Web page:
Eastern Art Online, Yousef Jameel Centre for Islamic and Asian Art

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Sultan Abdullah Qutubshah of Golconda


    • currently in research collection

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Publications online

  • Indian Art in the Ashmolean Museum by J. C. Harle and Andrew Topsfield

    Indian Art in the Ashmolean Museum

    While the imperial Mughal style was developing in the late 16th and early 17th centuries, distinctive styles of paiting had also evolved at the courts of independent Muslim Sultans of the Deccan. Although they too derived from a synthesis of Persian and Indian styles, the Deccani schools differ greatly from the Mughal in character and mood. Where Mughal portraiture for example, tends to a high degree of naturalism and a soberly official view of its empire-building subjects, the Deccani artists often produced charming and evocative informal portraits of their own more hedonistic rulers, perhaps enjoying music, pleasant company or a siesta on a hot afternoon. They rendered these scenes with a refined and playful use of line and subtle richness of colour.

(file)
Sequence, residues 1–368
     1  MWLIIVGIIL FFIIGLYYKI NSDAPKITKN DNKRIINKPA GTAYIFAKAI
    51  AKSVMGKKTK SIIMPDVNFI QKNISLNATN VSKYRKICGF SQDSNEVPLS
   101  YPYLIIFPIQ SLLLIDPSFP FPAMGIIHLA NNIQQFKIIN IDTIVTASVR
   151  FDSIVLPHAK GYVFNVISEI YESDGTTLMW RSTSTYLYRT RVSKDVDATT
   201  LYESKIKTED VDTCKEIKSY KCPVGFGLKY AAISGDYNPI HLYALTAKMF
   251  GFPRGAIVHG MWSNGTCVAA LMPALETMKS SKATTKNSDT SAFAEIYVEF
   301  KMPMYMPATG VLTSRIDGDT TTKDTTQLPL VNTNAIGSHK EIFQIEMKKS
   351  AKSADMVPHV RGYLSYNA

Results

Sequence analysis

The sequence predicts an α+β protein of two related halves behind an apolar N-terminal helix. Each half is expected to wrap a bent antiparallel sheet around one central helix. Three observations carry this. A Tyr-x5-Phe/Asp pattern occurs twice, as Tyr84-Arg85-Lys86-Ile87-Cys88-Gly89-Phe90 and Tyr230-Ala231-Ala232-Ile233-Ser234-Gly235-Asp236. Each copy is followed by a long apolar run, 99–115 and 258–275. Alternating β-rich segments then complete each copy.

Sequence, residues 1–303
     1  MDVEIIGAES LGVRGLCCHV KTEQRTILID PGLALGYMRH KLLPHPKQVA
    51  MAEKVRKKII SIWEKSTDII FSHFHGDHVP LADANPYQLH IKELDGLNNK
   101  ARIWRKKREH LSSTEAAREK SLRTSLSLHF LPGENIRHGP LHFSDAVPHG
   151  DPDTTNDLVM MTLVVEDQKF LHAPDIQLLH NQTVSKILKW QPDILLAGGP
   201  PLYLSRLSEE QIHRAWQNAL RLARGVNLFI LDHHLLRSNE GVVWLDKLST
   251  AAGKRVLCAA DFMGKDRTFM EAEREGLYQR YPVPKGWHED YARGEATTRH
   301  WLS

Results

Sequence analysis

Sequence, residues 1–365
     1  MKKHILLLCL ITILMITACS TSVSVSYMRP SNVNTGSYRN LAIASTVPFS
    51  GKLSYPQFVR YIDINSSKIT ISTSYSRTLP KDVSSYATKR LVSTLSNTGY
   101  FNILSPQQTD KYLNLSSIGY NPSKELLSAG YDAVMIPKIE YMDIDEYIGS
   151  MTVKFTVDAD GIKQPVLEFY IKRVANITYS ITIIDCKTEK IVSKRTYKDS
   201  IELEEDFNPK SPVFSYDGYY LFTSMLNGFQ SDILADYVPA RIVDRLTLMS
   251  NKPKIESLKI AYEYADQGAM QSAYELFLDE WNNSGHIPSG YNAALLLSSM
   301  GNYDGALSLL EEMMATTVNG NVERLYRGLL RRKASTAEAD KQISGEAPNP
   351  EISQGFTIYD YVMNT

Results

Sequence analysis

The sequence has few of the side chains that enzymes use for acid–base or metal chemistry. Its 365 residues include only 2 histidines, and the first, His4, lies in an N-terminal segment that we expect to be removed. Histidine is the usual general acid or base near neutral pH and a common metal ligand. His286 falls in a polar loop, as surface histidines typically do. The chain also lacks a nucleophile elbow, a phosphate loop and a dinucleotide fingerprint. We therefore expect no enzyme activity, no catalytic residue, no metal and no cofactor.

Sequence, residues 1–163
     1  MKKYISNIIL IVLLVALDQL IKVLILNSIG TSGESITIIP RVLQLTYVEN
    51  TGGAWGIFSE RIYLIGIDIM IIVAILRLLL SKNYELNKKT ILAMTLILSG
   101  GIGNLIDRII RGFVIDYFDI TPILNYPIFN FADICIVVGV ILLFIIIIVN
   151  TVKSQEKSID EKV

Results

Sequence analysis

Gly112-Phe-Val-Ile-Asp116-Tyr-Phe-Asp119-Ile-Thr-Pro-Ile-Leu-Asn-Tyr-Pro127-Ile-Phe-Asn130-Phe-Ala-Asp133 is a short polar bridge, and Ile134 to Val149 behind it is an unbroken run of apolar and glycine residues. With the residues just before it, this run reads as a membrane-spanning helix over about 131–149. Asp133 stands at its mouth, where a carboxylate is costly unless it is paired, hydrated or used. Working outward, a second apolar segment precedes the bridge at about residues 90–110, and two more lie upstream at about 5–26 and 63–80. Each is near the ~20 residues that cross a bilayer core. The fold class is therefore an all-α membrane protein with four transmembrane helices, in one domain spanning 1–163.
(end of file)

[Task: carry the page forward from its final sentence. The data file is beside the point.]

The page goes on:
From the 1630s however, as the Mughal emperors steadily increased their political influence over the Deccan, their more formal conventions of portraiture were adopted and to some extent reinterpreted by the southern artists. In this painting Sultan ‘Abdullah Qutb Shah of Golconda (1626-72) is shown seated in a dignified martial pose, holding the hilt of the sword in one hand and a kerchief in the other, on a low throne set on a garden terrace. The severe rectangular geometry of the composition contrasts with the brilliance of colouring of the ruler’s flowered gold jāma and purple throne-seat, the pale blue of the cushion and scabbard the pale green nimbus on a deeper green background. Above all, the sensitively modelled painting of the Sultan’s thick-lipped features conveys a dreamy and abstracted quality, hinting at the true nature of this sensual and indolent ruler, whose administration was effectively controlled by his mother.

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